Coronavirus: Various allied health services, including psychology and social work, reclassified as essential

This includes rehabilitation or therapy services, and other allied health services.
This includes rehabilitation or therapy services, and other allied health services.PHOTO: ST FILE

SINGAPORE - With the extension of the circuit breaker to June 1, the Ministry of Health (MOH) has re-categorised allied health services outside of the public healthcare institutions as essential services, effective from Wednesday (April 29).

This includes rehabilitation or therapy services, and other allied health services such as dietetics, social work, psychology and podiatry.

The ministry said on Tuesday that there will be restrictions in place for the provision of allied health services to ensure that overall movement and interactions are still minimised during this period.

These include keeping therapy to one-to-one sessions, and to prioritise face-to-face consultations for patients whose condition may significantly or rapidly deteriorate and thus potentially threaten their health and well being, if they do not receive the therapy or treatment.

All allied health professionals will also have to continue to adhere to the prevailing safe distancing, crowd management and personal protective equipment (PPE) measures.

The MOH also urged service providers to deliver their services through tele-consultation where possible to reduce the risk of patient exposure to Covid-19.

The announcement comes after various groups and individuals from allied health services have, in recent weeks, advocated for their work to be reinstated as essential as clients would be adversely impacted if confined to tele-consultation, including through forum letters to The Straits Times.

The Singapore Psychological Society said in a Facebook post on Tuesday that practitioners on the Singapore Register of Psychologists who wish to continue operating should check their e-mails on Tuesday for further instructions on submitting hours to keep their clinics or centres open.

It said practitioners will only be allowed to open for no more than four consecutive hours a day and no more than five days a week.

 
 
 
 

The society emphasised that psychological services are important and that mental health service users should be protected, noting that there has been increased attention in the media regarding psychological consultation and treatment amid Covid-19.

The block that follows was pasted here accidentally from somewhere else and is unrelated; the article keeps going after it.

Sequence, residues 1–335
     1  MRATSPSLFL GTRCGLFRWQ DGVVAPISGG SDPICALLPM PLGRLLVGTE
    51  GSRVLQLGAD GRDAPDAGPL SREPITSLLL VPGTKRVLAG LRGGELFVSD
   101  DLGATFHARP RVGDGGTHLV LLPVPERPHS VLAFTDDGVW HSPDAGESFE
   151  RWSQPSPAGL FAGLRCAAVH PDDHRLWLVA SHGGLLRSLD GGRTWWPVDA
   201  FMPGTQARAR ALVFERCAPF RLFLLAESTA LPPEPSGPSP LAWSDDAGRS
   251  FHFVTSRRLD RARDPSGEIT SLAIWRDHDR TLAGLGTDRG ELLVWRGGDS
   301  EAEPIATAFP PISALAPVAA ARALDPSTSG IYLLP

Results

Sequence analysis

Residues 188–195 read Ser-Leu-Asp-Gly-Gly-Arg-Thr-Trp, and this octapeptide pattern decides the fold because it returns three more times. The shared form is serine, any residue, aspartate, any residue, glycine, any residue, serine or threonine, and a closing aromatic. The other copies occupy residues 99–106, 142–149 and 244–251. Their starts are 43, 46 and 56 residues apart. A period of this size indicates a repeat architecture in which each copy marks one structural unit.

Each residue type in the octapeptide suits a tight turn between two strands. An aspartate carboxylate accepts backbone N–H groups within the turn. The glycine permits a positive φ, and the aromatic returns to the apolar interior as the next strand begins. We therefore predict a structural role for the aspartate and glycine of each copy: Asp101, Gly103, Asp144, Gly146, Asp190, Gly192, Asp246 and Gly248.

Dr Shawn Ee, director of The Psychology Practice, told ST that the move was welcomed and also a relief for him and his team of seven.

They had on Friday received an exemption to continue their services, but Tuesday’s announcement assured them that they would be able to continue during the extended circuit breaker.

A tele-consulting setting can be disorienting for a client, said Dr Ee, who is also a psychoanalytic therapist.

He noted that for some people, it may be difficult for them to feel safe even when they are physically at a centre. So, doing a consultation through video conferencing can be even harder for them.

“We felt that we were unable to do our jobs properly to support our clients in the way we know how, though at the same time respecting the possibility and risk of community transmission,” said Dr Ee.

“For our clients, hearing that we are now essential sort of feels like their needs are being respected as well. Many of them have reported being more depressed and anxious during this period, especially after the circuit breaker was extended.”

Dr Ee said his practice would continue to evaluate if the health risks of face-to-face consultations outweigh the benefits to clients before proceeding.

United Rehabilitation and Physiotherapy Centre’s principal physiotherapist Lau Ai Ni said Tuesday’s announcement was “definitely a very good move, especially for patients”.

For some patients, the benefits of face-to-face physiotherapy could outweigh the risk of infection, as they require urgent physiotherapy to prevent unnecessary and debilitating complications.

For example, a patient who was recovering from surgery after a bone fracture would need a physiotherapist to help them move the joint to prevent stiffness, said Ms Lau. If they were to do it on their own, untrained, it could result in the bone not healing normally.

One of her patients struggled with tele-rehab to the point that Ms Lau advised him not to continue, as he was in more pain than before.

She added that with therapy services being categorised as essential services, she still has to carefully consider the need for face-to-face sessions with patients, and be mindful of safe distancing and hygiene measures.